Anti-death penalty activists are calling on Jerry Brown to commute all death sentences in California. Like all governors, Brownis vested with a broad power to grant clemency. With that broad power comes the responsibility to use it for its intended purpose and not to block laws where the governor merely disagrees with the people’s decision. The responsible choice, the respectful choice, the democratic choice is to just say no to blanket commutation.
By Kent Scheidegger
Kent Scheidegger, a co-author of Proposition 66 of 2016, is legal director and general counsel for Criminal Justice Legal Foundation in Sacramento, firstname.lastname@example.org. He wrote this commentary for CALmatters.
Two years ago, California had a great debate on capital punishment. Two initiatives squarely presented the question of whether to scrap the death penalty or repair it. The arguments were fully and vigorously presented, and the people made their choice. They chose to mend it, not end it.
Now the ever-vocal anti-death-penalty movement is calling on Gov. Jerry Brown to spit in the face of that decision, and clear out death row with a mass clemency.
Death penalty opponents want him to follow the example of Illinois’ corrupt former Gov. George Ryan with an act of political cowardice, misusing the pardon power on the way out the door when there is no political price to pay for it.
Brown is a long-standing opponent of capital punishment. But he should refuse this request as a matter of principle. Respect for democracy is more important than one’s stance on a particular controversy.
Proposition 66 was not the first time Californians chose in favor of capital punishment. It was the 11th.
In 1972, the California Supreme Court misconstrued the California Constitution to outlaw the death penalty, despite incontrovertible history to the contrary. The people swiftly overruled that decision by constitutional amendment.
In 1976, the U.S. Supreme Court created new rules requiring a new law, and only a weak law could be passed over Jerry Brown’s veto, so the people voted for a stronger one in 1978.
The people voted to further expand the death penalty law twice in 1990, twice in 1996, and twice again in 2000.
In 2012, the people rejected an initiative to repeal the death penalty.
In 2016, they rejected repeal again by a larger margin than in 2012, even though they endorsed liberal propositions and candidates elsewhere on the ballot. Further, they demanded that we enforce the law. The voice of the people does not get any more clear than this.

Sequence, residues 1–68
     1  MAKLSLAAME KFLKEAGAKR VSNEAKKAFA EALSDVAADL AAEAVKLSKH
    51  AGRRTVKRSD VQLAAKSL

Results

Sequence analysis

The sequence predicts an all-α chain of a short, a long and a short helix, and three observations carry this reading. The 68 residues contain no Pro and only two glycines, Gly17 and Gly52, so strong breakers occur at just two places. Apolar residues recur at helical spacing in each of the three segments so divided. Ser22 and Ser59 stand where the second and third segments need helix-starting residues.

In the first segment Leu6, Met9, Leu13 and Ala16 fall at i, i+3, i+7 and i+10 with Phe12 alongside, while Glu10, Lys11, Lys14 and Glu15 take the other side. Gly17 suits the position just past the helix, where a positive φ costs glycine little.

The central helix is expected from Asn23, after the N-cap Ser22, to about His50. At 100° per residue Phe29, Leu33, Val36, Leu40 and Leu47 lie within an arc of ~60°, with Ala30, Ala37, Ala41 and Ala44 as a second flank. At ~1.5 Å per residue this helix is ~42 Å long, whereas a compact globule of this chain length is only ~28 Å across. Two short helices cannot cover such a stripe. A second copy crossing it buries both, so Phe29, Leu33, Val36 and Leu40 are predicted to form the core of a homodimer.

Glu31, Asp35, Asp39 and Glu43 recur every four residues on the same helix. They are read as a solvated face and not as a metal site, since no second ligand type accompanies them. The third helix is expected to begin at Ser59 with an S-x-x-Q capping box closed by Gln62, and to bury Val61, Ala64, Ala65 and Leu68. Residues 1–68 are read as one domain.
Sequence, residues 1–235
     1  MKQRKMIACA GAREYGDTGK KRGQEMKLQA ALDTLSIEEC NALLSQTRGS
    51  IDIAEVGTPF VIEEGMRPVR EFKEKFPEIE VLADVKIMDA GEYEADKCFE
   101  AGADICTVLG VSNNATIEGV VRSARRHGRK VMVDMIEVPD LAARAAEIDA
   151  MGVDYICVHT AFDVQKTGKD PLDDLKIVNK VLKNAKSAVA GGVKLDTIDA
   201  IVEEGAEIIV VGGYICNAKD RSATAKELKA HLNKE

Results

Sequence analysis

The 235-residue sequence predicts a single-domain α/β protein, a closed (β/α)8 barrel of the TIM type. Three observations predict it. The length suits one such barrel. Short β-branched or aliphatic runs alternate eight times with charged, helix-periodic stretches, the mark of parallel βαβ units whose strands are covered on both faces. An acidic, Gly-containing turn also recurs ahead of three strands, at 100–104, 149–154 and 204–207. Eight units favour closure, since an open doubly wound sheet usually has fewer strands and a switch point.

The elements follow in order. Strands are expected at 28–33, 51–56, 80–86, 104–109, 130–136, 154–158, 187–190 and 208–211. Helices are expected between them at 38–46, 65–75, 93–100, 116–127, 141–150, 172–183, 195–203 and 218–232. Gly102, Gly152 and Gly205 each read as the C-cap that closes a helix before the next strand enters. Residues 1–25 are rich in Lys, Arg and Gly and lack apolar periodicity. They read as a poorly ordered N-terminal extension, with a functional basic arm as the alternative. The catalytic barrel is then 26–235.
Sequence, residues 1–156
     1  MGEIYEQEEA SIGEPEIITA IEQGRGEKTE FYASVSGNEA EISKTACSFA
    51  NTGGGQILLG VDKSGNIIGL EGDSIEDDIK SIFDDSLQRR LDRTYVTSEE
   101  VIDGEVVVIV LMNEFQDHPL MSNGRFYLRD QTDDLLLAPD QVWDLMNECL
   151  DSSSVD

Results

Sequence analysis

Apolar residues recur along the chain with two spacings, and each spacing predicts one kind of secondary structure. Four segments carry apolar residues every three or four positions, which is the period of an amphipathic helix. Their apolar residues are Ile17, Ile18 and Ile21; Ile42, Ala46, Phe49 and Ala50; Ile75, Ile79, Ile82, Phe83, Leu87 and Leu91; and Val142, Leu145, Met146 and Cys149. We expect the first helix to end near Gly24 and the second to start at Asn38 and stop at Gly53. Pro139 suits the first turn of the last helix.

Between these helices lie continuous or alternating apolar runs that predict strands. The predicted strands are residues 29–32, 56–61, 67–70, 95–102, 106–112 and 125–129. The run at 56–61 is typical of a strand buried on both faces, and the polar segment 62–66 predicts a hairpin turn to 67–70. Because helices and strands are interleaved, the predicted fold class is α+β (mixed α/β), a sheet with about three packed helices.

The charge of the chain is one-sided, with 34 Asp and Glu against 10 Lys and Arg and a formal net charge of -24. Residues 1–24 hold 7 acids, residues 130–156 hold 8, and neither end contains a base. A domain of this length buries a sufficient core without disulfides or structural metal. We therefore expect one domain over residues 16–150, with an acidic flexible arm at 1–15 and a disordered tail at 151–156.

The bottom line is simple justice. Death row contains people like Lawrence “Pliers” Bittaker who raped, tortured and murdered five teenage girls in the Los Angeles area in 1979.
Tiequon Cox is another denizen, thoroughly undeserving of clemency and due to meet his punishment in the coming year. Cox broke into a home to make a gang hit but instead found a grandmother, her daughter, and her grandchildren. Aware that he was in the wrong house, he slaughtered them anyway.
These are the kinds of people that Hollywood activists wring their hands and soak their hankies for.
Families of murder victims wait for many years as the cases slog their way through the justice system. Many verdicts are overturned, often wrongly, but some make their way through.
There are now two dozen cases where all the normal appeals have been completed. The state has adopted the execution protocol that the federal court previously held it could proceed with. The former state-law barrier to executions was wiped away by the people in Proposition 66. Once the now-baseless federal injunction is lifted by the courts, justice can resume as the people decided it should.
Yet the activists’ push now is to use the power of clemency to snatch justice away, not because of any defects in any particular case but just because they disagree with the people’s decision on the law. That is not what clemency is for. Using it to empty death row would be a gross misuse of the power.
Overall, the system leans heavily in the defendant’s favor on the premise that it is better for 10 guilty people to go free than for one innocent person to suffer unjustly. The system leans even more that way in capital cases.
Even so, clemency provides an invaluable safeguard to cover the possibility that the exhaustive judicial process might fail. If, in a particular capital case, there is an actual doubt that the defendant committed the murder, then by all means the governor should grant a reprieve to resolve that doubt and commute the sentence if it cannot be resolved.
The governor is vested with a broad power to cut through all technicalities and get right to the justice of the matter. With that broad power comes the responsibility to use it for its intended purpose and not to block laws where the governor merely disagrees with the people’s decision. The responsible choice, the respectful choice, the democratic choice is to just say no to blanket commutation.